CHAPTER XVI, from the third volume of the Story of Civilization: Caesar and Christ, A History of Roman Civilization and of Christianity from their beginnings to A.D. 325

Copyright by Will Durant. See the book at Amazon


THE Romans were not of themselves an artistic people. Before Augustus they were warriors, after him they were rulers; they counted the establishment of order and security through government a greater good and nobler task than the creation or enjoyment of beauty. They paid great sums for the works of dead masters, but looked down upon living artists as menials. “While we adore images,” said the kindly Seneca, “we despise those who fashion them.” Only law and politics, and, of manual arts, only agriculture (by proxy), seemed honorable ways of life. Barring the architects, most artists in Rome were Greek slaves or freedmen or hirelings; nearly all worked with their hands and were classed as artisans; Latin authors seldom thought of recording their lives or their names. Hence Roman art is almost wholly anonymous; no vivid personalities humanize its history as Myron, Pheidias, Praxiteles, and Protogenes light up the aesthetic story of Greece. Here the historian is constrained to speak of things, not men, to catalogue coins, vases, statues, reliefs, pictures, and buildings in the desperate hope that their accumulation may laboriously convey the crowded majesty of Rome. The products of art appeal to the soul through eye or ear or hand rather than through the intellect; their beauty fades when it is diluted into ideas and words. The universe of thought is only one of many worlds; each sense has its own; each art has therefore its characteristic medium, which cannot be translated into speech. Even an artist writes about art in vain.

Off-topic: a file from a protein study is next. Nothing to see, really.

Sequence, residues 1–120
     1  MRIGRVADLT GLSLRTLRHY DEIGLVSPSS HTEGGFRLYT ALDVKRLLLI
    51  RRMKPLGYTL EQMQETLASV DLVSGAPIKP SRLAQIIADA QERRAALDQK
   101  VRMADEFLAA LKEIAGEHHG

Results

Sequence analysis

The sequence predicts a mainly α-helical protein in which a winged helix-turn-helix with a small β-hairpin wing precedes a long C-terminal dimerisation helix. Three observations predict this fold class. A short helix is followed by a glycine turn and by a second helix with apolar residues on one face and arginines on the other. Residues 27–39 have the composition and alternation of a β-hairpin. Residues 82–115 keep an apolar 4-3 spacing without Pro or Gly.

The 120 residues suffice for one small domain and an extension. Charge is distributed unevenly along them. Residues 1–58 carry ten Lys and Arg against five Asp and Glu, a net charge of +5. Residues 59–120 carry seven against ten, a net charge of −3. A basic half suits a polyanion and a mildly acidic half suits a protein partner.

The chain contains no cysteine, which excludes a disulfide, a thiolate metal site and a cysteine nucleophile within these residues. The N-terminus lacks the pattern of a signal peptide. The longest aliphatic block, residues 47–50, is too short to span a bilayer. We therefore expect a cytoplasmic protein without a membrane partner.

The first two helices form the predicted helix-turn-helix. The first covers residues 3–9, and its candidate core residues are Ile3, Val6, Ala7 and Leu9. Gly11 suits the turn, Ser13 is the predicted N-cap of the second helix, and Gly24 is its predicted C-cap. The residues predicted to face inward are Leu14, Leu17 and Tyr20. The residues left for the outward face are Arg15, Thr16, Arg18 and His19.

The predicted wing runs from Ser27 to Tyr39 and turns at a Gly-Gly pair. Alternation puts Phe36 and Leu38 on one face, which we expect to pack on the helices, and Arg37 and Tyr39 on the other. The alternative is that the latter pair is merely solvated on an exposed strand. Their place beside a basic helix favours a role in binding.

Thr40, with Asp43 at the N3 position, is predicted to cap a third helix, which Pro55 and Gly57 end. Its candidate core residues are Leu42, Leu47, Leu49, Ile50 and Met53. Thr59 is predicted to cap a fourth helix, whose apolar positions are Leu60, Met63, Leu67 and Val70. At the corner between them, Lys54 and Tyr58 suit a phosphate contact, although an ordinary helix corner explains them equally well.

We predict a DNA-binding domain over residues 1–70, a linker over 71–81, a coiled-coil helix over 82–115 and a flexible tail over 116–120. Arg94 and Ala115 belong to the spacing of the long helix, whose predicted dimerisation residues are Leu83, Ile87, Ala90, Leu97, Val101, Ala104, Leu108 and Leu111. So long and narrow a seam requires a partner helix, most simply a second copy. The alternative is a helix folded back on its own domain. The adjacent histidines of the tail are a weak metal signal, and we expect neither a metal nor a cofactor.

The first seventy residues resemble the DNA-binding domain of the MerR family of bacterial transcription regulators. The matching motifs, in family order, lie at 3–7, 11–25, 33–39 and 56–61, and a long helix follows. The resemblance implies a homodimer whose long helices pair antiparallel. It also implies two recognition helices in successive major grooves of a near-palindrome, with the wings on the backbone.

A special misfortune clouds Roman art: we come to it from Greek art, which seems at first its model and master. As the art of India disturbs us by strange shapes, so that of Rome chills us by the monotonous repetition of familiar forms. We have seen long since these Doric, Ionic, Corinthian columns and capitals, these smooth idealized reliefs, these busts of poets, rulers, and gods; even the astonishing frescoes of Pompeii, we are told, were copies of Greek originals; only the “Composite” order is indigenously Roman, and it offends our notions of classic unity, simplicity, and restraint. Certainly the art of the Augustan Age in Rome was overwhelmingly Greek. Through Sicily and Greek Italy, through Campania and Etruria, finally through Greece, Alexandria, and the Hellenic East, the aesthetic forms, methods, and ideals of Hellas passed into Roman art. When Rome became mistress of the Mediterranean, Greek artists poured into the new center of wealth and patronage and made countless copies of Greek masterpieces for Roman temples, palaces, and squares. Every conqueror brought home examples, every magnate scoured the cities for the surviving treasures, of Greek workmanship. Gradually Italy became a museum of bought or stolen paintings and statuary that set the tone of Roman art for a century. Artistically Rome was swallowed up in the Hellenistic world. All this is half the truth. In one aspect, as we shall see, the history of Roman art is a conflict between the architrave and the arch; in another it is the struggle of native Italian realism to recover from the invasion of the peninsula by a Greek art that had pictured gods rather than men, the type or Platonic idea rather than the earthly individual, and had sought a noble perfection of form rather than truth of perception and utterance. That virile indigenous art which had helped to carve the figures on Etruscan tombs hibernated between the Greek conquest and Nero’s philhellenic ecstasy; but at last it broke the Hellenistic mold, and revolutionized classic art with realistic sculpture, impressionistic painting, and an architecture of arch and vault. Through these, as well as by her borrowed beauty, Rome became for eighteen centuries the art capital of the Western world.